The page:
The Benefits of Urban Forests
by Stephanie Tencer
from: At the Forks, Volume 7, Issue 2, Summer 2000

Increasingly serious respiratory health concerns as well as the growing costs of construction and maintenance of roads have led planners all over the world to re-examine transportation options.

In Europe, many cities are actively working to reduce vehicle use by narrowing roadways, introducing traffic calming measures, and expanding transit, cycling and other alternative means of getting around.

Traffic flow and congestion are also issues in Toronto and most recently have generated controversy in South Leaside, where proposals have been revived to construct an extension of Redway Road through a forested portion of the Don Valley called Crother's Woods.

These plans would not only be an inappropriate solution to the traffic concerns of South Leaside residents, but also have serious economic repercussions for the vital services currently provided to citizens by urban green spaces. Although often not given adequate recognition, Crother's Woods and other forested areas are vital components of our city infrastructure. The Don Valley woodlands and natural areas do more than provide habitat for beautiful plants and animals and give us numerous recreational opportunities. Environmental Significant Areas such as Crother's Woods also help to purify the air, clean our water and combat against climate change.

The current proposal to extend Redway Road through Crother's Woods to Bayview Avenue and to connect Eglinton Avenue near Leslie to Redway Road at Millwood would replace an efficiently functioning piece of existing infrastructure with an ill-considered temporary solution.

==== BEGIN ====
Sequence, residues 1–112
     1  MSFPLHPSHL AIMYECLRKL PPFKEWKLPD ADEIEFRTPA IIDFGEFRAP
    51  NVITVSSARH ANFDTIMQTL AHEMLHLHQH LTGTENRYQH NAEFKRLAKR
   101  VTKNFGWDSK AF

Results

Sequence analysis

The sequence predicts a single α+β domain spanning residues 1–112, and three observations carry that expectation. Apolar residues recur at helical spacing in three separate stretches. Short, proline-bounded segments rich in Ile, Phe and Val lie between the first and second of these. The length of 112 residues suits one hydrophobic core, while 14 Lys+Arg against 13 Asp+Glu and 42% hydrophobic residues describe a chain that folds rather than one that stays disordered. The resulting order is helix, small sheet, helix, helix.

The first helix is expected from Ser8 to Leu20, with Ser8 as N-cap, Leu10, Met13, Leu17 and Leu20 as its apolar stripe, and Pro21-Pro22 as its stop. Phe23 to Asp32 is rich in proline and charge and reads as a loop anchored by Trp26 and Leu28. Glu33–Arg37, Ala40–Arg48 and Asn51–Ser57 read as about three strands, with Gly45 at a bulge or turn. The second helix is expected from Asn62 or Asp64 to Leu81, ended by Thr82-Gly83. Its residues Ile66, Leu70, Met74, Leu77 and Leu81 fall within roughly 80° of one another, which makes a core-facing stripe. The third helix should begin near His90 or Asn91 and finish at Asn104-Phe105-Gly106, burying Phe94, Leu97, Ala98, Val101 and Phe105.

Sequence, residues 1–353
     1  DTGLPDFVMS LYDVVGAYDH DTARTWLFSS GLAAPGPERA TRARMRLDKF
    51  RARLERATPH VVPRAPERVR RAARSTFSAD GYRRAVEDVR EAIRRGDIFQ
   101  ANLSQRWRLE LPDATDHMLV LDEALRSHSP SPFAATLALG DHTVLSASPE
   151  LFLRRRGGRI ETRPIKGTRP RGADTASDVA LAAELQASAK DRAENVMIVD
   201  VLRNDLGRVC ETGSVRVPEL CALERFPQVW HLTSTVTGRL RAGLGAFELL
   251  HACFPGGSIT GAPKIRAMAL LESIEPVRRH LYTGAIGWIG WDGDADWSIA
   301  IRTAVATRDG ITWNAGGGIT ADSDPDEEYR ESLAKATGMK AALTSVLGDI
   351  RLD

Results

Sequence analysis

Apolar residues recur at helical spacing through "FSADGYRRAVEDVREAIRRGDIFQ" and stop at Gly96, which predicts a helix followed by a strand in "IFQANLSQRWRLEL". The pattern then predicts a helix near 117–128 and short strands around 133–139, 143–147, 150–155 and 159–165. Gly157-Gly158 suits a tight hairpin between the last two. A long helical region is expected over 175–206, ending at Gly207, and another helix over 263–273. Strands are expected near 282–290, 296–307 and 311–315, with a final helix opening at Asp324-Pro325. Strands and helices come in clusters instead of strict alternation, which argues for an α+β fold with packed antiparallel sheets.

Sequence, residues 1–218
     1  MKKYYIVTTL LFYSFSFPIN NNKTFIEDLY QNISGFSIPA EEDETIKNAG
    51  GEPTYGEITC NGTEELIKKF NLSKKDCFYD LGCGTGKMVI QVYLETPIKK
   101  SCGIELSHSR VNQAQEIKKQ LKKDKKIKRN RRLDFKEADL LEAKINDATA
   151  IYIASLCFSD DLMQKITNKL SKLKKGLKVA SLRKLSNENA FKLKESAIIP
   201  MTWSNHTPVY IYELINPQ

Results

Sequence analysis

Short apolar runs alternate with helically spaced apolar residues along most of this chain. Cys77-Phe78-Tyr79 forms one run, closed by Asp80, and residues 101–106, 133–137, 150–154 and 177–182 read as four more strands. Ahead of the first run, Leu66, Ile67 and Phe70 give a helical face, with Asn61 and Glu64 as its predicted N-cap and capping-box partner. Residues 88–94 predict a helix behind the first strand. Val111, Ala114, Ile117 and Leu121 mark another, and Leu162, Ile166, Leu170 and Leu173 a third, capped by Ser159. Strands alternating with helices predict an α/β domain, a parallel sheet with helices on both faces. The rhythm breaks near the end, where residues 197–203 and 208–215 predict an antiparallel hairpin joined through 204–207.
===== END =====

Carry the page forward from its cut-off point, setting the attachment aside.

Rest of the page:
New roadways inevitably attract new traffic and rapidly become as congested as those they were intended to relieve.

The table below highlights the many ways in which Crother's Woods benefits residents and contrasts it with what the extension of Redway Road would likely bring to the community.

FEATURES AFFECTED BY
PRESERVING CROTHER'S WOODS
BUILDING THE
REDWAY ROAD EXTENSION
AIR QUALITY: Toronto Health Department says 1,000 people in the city die prematurely each year because of air pollution. Green areas supply oxygen and filter dirt and smog-forming pollutants from the air. Non-commercial vehicles are responsible for more than 50% of smog-causing nitrogen oxides and 30% of smog-causing volatile organic compounds in the air.
WATER QUALITY/QUANTITY: High stormwater flows pollute our rivers and beaches and cause basement flooding. Green areas absorb stormwater helping to minimize the threat of flooding, and filter water that runs off into our lakes and rivers. The impermeable surface of new roads causes additional stormwater to burden the existing sewer system and introduces grease, salt and other pollutants into the rivers.
NOISE: Stress imposed by noise pollution is a growing concern in cities. Green areas act as a sound buffer, protecting neighbourhoods from excessive noise. Road traffic is a significant source of urban noise pollution